At Middle School Pathways to Engineering Day this spring, we hosted an information session for parents, modeled after the Society of Women Engineers Parent Educator Program (PEP). Our goal was to share our experience with studying engineering in college, and to share some thoughts on how to encourage middle school students, particularly girls, to pursue their interest in STEM.

The number of women in engineering has been increasing over the years, but is still quite low. According to SWE research, the percent of engineering bachelor’s degrees awarded to women in 2015 ranged from 10.9% to 49.7% depending on the discipline [1].

Figure credit: Society of Women Engineers [1].

The big question is: why are there so few women in engineering? According to the SWE 2016 literature review, there are a few key reasons. In middle school and high school, women taking math and science classes are more likely to doubt their academic prospects and their ability to pursue STEM studies and careers [1]. Also, engineering is stereotypically a masculine field, and is traditionally dominated by men. So, many young women do not feel like they fit into the field, and as a result, often dismiss engineering as an academic and career option [1]. In addition, women tend to be drawn to fields where they feel they can make a significant societal impact, and therefore do not always feel that engineering reflects their values and career goals [1].

However, though engineering is not traditionally seen as a field that has a large social impact, engineers are vital to helping improve our quality of life and wellbeing! Engineering is a broad field that encompasses a variety of different disciplines like biomedical, chemical, civil, electrical, environmental, and mechanical engineering. These are all extremely interdisciplinary and pull from fields like physics, chemistry, math, biology, computer science, materials science, as well as economics, business, and social science. Design of better medicines and medical devices, developing new sources of energy, improving urban infrastructure, and improving access to clean air and water all fall under the umbrella of engineering.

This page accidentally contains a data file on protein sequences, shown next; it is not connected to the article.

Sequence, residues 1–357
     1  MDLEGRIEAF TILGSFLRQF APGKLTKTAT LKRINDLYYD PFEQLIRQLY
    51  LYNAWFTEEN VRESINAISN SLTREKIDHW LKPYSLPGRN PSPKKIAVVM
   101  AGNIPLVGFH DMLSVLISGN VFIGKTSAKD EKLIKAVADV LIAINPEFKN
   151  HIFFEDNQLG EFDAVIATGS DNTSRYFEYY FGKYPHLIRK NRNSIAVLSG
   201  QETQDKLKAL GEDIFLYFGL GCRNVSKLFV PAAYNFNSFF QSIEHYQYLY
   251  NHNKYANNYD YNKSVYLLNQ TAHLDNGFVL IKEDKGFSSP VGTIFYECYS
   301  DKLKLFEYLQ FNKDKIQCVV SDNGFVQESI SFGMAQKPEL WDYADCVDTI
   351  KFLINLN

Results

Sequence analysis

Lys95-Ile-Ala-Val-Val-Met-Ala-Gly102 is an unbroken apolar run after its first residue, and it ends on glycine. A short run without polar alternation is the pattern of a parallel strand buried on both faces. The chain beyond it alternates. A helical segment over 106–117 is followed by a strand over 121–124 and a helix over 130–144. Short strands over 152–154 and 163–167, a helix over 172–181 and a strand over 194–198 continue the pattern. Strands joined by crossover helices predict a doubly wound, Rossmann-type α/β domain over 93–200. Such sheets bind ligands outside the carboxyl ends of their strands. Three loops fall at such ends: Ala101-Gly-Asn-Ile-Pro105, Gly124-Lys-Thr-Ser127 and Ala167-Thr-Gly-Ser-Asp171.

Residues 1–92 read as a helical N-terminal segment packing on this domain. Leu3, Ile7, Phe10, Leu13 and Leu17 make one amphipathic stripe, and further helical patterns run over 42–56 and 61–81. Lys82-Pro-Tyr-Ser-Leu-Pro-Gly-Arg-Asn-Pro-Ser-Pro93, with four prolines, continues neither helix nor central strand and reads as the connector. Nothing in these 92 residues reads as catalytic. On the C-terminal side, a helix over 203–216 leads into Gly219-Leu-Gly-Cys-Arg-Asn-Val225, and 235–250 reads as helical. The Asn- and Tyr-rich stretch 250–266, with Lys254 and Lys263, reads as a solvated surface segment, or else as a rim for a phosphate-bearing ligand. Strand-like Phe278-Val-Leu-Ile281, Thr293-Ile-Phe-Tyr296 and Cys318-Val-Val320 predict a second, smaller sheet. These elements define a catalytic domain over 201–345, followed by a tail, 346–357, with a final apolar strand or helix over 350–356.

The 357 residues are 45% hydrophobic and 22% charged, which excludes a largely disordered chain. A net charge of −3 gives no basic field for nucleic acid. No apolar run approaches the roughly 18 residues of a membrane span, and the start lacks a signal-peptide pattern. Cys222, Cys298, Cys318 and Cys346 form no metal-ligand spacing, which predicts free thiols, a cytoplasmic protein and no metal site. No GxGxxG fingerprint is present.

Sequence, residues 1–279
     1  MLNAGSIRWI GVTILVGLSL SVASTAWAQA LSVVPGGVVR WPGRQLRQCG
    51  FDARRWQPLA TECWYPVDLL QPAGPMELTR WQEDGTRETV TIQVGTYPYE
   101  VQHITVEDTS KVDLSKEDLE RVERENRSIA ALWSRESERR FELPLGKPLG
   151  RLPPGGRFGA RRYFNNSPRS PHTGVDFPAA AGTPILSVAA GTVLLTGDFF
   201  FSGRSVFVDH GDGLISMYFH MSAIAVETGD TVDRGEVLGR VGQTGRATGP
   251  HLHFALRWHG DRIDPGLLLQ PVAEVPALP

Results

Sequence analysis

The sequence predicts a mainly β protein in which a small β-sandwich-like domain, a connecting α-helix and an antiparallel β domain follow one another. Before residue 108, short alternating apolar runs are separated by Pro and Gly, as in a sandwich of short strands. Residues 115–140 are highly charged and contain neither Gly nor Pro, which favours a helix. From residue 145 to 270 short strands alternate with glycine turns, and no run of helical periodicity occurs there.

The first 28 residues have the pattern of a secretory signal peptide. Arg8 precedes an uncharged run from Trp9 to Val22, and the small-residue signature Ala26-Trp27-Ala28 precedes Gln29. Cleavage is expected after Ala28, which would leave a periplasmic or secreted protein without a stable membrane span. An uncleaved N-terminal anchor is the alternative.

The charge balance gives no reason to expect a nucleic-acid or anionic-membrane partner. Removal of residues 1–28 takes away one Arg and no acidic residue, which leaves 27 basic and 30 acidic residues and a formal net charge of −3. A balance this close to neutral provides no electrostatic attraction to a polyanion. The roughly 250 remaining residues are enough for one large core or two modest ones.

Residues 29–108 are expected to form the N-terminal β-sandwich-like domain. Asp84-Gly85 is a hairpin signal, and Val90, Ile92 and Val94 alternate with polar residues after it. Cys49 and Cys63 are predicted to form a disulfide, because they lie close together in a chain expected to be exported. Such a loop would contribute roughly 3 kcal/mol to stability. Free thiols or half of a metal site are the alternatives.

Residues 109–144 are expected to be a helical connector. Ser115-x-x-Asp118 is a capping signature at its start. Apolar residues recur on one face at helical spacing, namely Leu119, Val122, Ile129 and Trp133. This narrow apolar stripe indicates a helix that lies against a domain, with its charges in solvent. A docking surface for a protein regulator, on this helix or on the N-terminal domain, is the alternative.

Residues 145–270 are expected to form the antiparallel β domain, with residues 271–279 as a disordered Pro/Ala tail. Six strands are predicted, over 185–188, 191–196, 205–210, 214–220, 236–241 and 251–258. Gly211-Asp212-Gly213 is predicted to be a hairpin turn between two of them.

So, what can we do to encourage young girls to pursue their interest in STEM, despite these negative forces? Exposing students to diverse engineering role models is critical. Meeting role models that they can relate to is critical to making young girls feel that engineering is a realistic academic and career option. Encouraging resilience in students and a growth mindset is also an effective strategy. Emphasizing that challenges and failures do not determine the limits of their abilities but instead help them grow will go a long way in promoting self-confidence. Finally, enrolling students in STEM outreach programs at local universities or museums is a great way to introduce them to life as an engineer, and to introduce them to relatable, diverse role models!

For more information on women in engineering and the SWE 2016 literature review, check out http://alltogether.swe.org/2017/03/women-engineering-review-2016-literature/

[1] Meiksins, P., et al. “Women in Engineering: A Review of the 2016 Literature.” SWE Research 2017, Magazine of the Society of Women Engineers. March 2017.